The Goodbye Girl

The Goodbye Girl
The Goodbye Girl
  • PG
  • 1h 50m
  • 1977
Common Sense Media Iconage 13+
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Richard Dreyfuss delivers an Academy Award-winning performance as romance blooms between two complete opposites forced to share an apartment in New York. Elliot Garfield (Dreyfuss) has just arrived in Manhattan to take the acting role of his life--Richard III in an off-off-Broadway production. Ex-chorus girl Paula McFadden has just been dumped again. This time her ex has abandoned her, sublet their apartment--to Garfield--and left Paula and her nine-year-old daughter without a job or a place to live. Garfield legally has claim to the apartment, but he can't throw a mother and daughter out. So, despite Garfield's habits of chanting, burning incense and walking about naked, the threesome forms a home.
© 1977 A Warner Bros. Entertainment Inc. All Rights Reserved.

Rotten Tomatoes® Score

Common Sense Media
Renee Schonfeld

Delightful Neil Simon modern-day fairy tale has swearing.

June 25, 2017
Emanuel Levy

Stagey, literal, and sentimental, this romantic film is mediocre in every respect, writing by Neil...

June 22, 2017
Ozus' World Movie Reviews
Dennis Schwartz

Broadway-like funny romantic comedy sitcom about struggling Manhattan actors, that has its awkward...

June 22, 2017
Cole Smithey

June 21, 2017
More on Rotten Tomatoes

Common Sense Media

Common Sense Media Iconage 13+
Common Sense Says
Delightful Neil Simon modern-day fairy tale has swearing.

What Parents Need to Know

Parents need to know that The Goodbye Girl is a warm-hearted romantic comedy with an Academy Award-winning performance by Richard Dreyfuss. A struggling actor and a single mom with a precocious daughter are forced by circumstances to share an apartment. First angry sparks fly, and then, happily and predictably, bells ring and love is in the air. There's lots of swearing ("hell," "Christ," "s--t," "bastard," "crap," "goddamn"), occasional sexual bantering, some kissing, and partial nudity in a strip bar. Additionally, a lead character is drunk in one scene. There are two dated gender issues in this 1977 film: a woman desperate to be taken care of by a man, and a subplot in which Dreyfuss' character is asked, to his dismay, to play the lead role in Shakespeare's Richard III as a gay stereotype. That story element, meant as all-out humor, includes two insulting epithets ("fruit fly" and "pansy"), a reference to the actor's concern about the "gay liberation" movement, and an excerpt from the actor's astonishing performance. This funny movie may well inspire some discussion of a changing culture.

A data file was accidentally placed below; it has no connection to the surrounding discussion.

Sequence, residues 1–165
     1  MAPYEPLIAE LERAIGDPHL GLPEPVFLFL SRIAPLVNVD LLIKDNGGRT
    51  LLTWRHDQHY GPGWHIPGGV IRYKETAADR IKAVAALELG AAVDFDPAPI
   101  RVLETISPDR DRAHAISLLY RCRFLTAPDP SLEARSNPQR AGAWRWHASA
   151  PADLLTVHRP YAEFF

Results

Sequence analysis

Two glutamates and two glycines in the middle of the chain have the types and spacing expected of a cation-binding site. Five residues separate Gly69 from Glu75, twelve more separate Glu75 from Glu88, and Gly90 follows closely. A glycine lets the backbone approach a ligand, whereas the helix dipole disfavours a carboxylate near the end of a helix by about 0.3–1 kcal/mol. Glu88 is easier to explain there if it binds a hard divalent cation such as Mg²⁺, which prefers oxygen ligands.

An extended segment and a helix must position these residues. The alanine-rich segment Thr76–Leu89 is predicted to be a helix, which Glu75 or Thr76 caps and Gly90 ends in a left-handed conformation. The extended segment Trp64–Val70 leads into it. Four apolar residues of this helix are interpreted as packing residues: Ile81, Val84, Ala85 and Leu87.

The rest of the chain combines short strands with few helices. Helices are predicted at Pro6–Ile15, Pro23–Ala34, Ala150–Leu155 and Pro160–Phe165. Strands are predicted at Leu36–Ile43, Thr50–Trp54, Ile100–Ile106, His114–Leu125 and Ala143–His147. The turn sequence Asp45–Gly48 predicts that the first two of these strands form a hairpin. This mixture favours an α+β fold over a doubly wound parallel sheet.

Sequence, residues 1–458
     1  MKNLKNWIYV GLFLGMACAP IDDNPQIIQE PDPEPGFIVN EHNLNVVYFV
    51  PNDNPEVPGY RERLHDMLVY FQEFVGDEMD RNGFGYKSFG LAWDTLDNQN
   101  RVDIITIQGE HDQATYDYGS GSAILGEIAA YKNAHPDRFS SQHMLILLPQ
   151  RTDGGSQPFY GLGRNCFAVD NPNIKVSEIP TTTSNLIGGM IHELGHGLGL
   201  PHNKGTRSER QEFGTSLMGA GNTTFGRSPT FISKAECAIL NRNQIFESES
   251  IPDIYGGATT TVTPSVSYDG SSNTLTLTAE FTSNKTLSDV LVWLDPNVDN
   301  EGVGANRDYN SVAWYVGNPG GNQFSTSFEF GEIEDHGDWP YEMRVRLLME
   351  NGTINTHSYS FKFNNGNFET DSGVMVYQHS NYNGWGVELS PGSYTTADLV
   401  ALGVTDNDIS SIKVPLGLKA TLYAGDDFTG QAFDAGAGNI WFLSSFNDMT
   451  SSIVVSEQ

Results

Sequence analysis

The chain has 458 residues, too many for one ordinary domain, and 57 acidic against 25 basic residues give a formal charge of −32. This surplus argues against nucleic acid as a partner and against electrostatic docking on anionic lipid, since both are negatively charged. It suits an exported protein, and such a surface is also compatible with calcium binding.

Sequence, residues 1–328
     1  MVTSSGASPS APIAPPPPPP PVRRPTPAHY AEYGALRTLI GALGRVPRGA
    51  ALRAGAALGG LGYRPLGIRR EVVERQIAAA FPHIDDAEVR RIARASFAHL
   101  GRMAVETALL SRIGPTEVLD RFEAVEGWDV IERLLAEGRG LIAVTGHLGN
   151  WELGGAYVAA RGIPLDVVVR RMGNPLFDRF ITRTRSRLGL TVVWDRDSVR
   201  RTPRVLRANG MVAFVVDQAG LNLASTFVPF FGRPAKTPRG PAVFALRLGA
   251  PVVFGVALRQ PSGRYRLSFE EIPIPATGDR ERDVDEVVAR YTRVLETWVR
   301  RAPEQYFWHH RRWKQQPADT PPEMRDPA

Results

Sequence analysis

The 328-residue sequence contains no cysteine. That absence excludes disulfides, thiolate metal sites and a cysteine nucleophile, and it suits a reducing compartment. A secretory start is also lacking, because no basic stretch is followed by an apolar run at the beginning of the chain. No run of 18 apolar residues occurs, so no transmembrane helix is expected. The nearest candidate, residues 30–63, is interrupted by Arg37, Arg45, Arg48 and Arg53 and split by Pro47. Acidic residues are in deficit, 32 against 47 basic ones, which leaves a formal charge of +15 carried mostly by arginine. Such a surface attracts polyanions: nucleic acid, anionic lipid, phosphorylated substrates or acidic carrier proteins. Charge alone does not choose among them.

A Lot or A Little?

The parents’ guide to what’s in this movie.
Positive Messages
Positive Role Models
More on Common Sense Media

Additional Info

  • Genre:Comedy
  • Release Date:November 30, 1977
  • Highest Available for Purchase:SD

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